Thursday, March 31, 2011

An Update on Dodge City Beef

A while back, I mentioned Dodge City Beef on this blog. At that time, they had just opened up a retail store at 11115 Johnson Drive in Shawnee, and they carried a line of responsibly raised beef from their family ranch in Kansas.

It's a year later, and the store has done quite well.

For starters, they carry an even wider array of beef. Their filet mignon, sirloins, and ground beef (over 90% lean!) have been joined by harder-to-find cuts like flank and skirt steak, along with at least 3 types of roasts. For the 'cue enthusiasts, they get a regular supply of briskets now too, though I would recommend calling ahead if it's any time near a major competition.

Also of interest is that they have taken on the products of other local ranchers with similar practices. They now carry whole chickens and a variety of pork including thick-cut chops, bacon, and shoulder. On my last visit, they even had some ground bison.

The chicken, pork, and bison come from neighboring ranches, so they are not supplied quite as often. If you're looking for something in particular, it's best to call in advance to make sure it's in stock. Heidi, who runs the store, is always willing to set something aside for you.

We buy all of our beef from there because we like the quality and knowing where our food comes from. If you're interested in that sort of thing, I'm sure you'll like their products as well.

They're open from Tuesday-Saturday, and their number is 913-499-0204. You can also like them on Facebook to be notified of special events and deals.

Thursday, March 24, 2011

Kansas City and The United States of Tara

When we switched TV providers last year, one of the promos was the inclusion 3 months of HBO and Showtime for free.

It worked. We got hooked on shows from both networks.

We've been catching up on The United States of Tara ahead of its 3rd season premiere next Monday.

The show is about a suburban family of four. The wife (Tara) suffers from Disassociative Identity Disorder, which you probably know better as Multiple Personality Disorder.

There are at least 6 "alters" that have been introduced, each of which brings some semblance of levity, comic relief, or discomfort to the show's other characters.

One of the most striking things to me is that fact that the show is set in Overland Park. And the references are spot-on, both in terms of Kansas City and the Johnson County/suburban dynamic.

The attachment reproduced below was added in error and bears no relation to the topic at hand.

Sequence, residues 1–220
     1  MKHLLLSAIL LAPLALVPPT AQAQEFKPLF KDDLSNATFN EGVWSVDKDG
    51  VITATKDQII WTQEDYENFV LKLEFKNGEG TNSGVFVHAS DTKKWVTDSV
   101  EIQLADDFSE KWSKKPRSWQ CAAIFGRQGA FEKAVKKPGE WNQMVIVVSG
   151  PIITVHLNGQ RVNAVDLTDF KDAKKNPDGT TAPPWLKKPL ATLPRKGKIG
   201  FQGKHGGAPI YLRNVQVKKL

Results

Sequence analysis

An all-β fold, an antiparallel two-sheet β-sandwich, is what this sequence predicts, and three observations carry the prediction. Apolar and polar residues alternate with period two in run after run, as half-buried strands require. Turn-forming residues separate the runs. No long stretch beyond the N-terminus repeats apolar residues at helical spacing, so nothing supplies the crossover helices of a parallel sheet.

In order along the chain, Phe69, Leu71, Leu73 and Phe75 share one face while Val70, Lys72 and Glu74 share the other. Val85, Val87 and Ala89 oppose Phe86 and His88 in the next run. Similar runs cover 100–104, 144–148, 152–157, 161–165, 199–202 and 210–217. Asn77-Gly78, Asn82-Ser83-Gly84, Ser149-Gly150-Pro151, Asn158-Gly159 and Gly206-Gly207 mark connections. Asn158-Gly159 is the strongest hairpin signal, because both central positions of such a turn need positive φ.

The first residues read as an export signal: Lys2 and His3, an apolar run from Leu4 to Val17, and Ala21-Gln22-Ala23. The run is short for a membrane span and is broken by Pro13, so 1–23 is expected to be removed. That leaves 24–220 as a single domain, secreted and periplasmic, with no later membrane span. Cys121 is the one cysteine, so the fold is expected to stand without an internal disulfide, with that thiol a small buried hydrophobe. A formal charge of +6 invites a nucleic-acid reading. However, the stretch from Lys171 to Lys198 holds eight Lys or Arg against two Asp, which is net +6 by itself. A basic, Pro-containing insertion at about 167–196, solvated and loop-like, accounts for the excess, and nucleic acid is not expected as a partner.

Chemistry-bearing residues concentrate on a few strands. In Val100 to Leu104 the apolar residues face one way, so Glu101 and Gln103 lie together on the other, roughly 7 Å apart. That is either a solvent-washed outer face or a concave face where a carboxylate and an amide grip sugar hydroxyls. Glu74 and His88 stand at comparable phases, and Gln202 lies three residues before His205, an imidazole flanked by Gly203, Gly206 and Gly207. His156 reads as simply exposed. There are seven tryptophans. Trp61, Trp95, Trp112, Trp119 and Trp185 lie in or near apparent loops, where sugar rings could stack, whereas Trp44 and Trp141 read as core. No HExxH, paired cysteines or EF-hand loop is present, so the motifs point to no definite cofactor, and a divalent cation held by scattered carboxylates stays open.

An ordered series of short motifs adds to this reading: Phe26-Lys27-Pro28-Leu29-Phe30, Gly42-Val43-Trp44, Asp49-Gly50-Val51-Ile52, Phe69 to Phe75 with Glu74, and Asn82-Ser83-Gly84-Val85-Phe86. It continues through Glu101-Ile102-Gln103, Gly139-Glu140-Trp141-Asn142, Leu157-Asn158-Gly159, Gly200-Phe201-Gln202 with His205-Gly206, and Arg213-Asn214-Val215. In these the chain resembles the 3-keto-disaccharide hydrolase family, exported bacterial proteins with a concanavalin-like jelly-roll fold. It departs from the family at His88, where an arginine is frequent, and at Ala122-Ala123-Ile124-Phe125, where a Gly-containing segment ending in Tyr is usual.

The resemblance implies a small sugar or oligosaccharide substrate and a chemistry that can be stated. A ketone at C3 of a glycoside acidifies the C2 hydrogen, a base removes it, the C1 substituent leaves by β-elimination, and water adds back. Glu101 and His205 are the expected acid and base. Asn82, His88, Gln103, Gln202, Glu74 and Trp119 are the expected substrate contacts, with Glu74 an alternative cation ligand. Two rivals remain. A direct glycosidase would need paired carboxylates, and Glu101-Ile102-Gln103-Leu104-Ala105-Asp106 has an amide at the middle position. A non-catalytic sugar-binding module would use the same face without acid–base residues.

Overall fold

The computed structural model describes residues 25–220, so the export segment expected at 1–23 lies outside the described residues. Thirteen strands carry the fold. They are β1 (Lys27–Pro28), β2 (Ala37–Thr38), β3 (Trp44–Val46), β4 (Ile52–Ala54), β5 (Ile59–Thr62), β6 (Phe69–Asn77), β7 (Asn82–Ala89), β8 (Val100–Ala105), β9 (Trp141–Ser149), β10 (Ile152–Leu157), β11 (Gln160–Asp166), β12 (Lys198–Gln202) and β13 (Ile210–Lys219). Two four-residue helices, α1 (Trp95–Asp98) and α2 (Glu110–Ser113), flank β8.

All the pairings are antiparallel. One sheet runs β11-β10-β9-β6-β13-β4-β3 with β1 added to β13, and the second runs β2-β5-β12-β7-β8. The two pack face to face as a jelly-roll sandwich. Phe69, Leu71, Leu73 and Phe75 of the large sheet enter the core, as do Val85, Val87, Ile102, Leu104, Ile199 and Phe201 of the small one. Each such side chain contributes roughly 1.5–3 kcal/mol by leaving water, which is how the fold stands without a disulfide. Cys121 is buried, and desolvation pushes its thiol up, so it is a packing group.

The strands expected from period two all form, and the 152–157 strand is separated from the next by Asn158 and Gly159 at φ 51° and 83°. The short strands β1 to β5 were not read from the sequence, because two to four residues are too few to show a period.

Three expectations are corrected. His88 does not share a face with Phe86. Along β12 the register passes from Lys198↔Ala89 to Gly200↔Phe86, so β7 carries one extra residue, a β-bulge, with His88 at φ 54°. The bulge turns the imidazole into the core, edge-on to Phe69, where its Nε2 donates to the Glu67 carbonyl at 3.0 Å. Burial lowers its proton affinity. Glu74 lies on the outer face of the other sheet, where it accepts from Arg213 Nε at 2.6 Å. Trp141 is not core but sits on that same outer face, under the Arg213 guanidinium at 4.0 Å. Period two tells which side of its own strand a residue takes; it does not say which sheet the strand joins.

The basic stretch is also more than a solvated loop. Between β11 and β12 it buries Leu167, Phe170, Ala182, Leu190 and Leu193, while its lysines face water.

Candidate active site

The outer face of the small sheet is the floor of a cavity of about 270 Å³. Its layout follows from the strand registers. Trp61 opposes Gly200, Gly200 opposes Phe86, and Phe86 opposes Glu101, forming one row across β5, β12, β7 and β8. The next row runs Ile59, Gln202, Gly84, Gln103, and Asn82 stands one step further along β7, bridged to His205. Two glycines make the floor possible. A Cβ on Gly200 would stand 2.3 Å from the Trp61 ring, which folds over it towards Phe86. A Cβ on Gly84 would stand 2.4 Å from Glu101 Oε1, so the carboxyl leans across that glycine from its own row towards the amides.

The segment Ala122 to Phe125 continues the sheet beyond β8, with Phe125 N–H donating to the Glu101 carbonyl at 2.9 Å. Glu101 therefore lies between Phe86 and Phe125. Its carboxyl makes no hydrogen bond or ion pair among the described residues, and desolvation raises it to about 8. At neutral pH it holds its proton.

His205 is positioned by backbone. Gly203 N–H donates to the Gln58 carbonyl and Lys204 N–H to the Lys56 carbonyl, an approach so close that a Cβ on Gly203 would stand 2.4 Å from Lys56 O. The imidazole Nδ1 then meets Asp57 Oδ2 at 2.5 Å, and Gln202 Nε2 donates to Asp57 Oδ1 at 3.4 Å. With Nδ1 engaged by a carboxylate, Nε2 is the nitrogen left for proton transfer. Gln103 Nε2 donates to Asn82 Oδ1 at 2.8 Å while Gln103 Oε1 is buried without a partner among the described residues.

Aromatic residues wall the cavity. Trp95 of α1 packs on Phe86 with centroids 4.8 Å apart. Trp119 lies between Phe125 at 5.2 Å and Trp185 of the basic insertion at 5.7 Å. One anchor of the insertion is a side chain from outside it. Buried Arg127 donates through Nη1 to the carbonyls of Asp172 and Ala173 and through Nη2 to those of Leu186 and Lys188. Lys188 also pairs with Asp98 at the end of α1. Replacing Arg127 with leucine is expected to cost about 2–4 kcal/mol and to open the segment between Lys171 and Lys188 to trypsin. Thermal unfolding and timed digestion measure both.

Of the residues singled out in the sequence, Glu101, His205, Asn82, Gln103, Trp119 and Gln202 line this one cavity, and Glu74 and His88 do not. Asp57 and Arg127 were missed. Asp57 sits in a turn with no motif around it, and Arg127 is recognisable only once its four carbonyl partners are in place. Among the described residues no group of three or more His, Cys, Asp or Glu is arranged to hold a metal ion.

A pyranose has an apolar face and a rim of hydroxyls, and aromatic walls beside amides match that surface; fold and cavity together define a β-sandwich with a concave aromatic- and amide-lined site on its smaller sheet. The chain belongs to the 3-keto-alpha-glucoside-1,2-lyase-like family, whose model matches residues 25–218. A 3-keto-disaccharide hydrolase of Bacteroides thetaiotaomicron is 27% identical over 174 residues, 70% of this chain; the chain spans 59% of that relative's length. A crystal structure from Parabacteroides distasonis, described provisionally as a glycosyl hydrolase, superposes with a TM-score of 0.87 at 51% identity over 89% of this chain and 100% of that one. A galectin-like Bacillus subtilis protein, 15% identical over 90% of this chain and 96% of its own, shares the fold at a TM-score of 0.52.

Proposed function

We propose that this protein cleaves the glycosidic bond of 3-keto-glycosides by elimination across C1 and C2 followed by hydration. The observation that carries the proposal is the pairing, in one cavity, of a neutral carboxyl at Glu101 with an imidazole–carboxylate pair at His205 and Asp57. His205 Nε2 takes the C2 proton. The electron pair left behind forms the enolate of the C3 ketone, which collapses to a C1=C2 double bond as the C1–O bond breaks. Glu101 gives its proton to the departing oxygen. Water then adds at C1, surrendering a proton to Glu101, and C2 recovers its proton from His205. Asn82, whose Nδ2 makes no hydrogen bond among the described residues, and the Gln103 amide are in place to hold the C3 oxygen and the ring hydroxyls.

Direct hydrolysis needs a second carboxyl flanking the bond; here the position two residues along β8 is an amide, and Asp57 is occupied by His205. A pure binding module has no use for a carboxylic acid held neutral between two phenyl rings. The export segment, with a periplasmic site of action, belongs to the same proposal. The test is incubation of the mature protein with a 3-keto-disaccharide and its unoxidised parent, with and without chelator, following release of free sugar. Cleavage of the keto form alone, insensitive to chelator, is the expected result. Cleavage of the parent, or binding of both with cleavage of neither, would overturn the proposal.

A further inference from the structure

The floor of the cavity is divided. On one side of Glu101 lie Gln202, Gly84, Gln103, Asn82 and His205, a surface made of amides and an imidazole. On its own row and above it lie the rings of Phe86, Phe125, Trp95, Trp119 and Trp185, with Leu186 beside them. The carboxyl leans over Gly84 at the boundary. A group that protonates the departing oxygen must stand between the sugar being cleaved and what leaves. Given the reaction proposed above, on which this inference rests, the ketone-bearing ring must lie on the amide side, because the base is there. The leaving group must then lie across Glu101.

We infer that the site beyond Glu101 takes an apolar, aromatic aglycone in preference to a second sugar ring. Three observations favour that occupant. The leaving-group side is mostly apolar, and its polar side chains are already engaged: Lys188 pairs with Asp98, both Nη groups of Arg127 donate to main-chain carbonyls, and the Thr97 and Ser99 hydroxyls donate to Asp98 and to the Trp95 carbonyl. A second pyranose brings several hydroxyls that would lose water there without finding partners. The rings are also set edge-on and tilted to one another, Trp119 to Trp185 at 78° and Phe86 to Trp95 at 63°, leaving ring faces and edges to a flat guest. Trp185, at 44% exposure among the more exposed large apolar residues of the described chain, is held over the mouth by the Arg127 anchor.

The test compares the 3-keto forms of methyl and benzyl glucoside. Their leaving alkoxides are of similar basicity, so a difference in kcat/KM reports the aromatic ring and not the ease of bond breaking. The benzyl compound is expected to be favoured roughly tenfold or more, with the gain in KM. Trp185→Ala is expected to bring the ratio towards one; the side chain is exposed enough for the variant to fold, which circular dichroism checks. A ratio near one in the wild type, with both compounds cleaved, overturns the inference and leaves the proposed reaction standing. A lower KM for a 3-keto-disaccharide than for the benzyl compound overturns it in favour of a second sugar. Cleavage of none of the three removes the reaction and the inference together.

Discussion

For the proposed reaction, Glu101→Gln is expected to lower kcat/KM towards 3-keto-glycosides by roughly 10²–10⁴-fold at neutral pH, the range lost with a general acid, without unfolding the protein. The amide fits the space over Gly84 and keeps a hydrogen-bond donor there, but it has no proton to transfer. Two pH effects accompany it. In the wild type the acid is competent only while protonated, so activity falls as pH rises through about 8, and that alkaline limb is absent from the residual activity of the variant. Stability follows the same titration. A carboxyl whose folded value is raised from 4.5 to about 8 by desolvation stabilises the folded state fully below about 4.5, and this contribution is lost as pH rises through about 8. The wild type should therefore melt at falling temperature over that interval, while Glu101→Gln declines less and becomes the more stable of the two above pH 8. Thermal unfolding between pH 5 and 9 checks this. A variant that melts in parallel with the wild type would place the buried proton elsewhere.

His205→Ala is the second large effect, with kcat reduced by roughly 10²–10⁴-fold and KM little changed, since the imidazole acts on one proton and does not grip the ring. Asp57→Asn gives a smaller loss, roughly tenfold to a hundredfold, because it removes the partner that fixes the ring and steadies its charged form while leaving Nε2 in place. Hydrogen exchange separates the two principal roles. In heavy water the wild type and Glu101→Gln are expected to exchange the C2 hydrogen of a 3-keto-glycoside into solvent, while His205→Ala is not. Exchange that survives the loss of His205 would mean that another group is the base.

For example:

-The husband gets arrested, and the cops tell Tara that they're taking him to the County Jail over in Olathe.

-A creepy 27-year-old starts dating the teenage daughter, and he offers to buy her "a the Crossroads District."

-The teenage son (who is gay) and a friend drive to a park. The experienced friend wants to show the son how to cruise for sex. In an obvious reference to Penn Valley/Liberty Memorial, the son says, "Yeah, I've been there plenty of times, but just for school. You know it's the only dedicated World War I Museum in the country?"

-After Tara and the husband argue, the teenage son says he's keeping the house in the event of a divorce. He adds that he can't change schools because "Shawnee North has gangs."

(This one is especially true-to-life: when the Shawnee Mission School Board was going through their redistricting plans back in September, some students at one of the elementary schools that feeds SM Northwest High School were going to be reassigned to Shawnee Mission North. Parents went apeshit, going so far as to claim their property values would decline by 20% and ultimately cost the district money. It's funny because they're using typical suburban denial in lieu of admitting the real reason: more poor and minority students go to SM North, and that's scary to them.)

In trying to figure out how this came to be, I found an old article from Aaron Barnhart:

"We have someone working on the show who's from Overland Park, Kansas," said [show co-creator Diablo] Cody. "She said that everyone out there hangs out at the Ken-Taco-Hut."

That someone, Lindsey Allen-Springer, is the manager of development at DreamWorks TV, which is producing "United States of Tara" for Showtime. It was DreamWorks co-founder Steven Spielberg's idea for a comedy about a woman with DID, or dissociative identity disorder, that Cody developed into this series. Allen-Springer, originally of Olathe, is a 2002 graduate of K-State.

So there you go. If you have a chance, check out the show. It is alternately hilarious and heartbreaking, and always interesting.

Monday, March 21, 2011

How To Turn Someone Into a Control Freak

1. Promise a person you'll take care of something important.

2. Don't take care of said important thing.

Thursday, March 17, 2011

Drunken Fish Sushi: A Detailed Account

A group of seven of us got together last night for a friend’s birthday dinner. The spot selected was Drunken Fish, the new outpost of the St. Louis-based trendy sushi restaurant. It’s located in the Power & Light District.

First, the opinion portion of the review: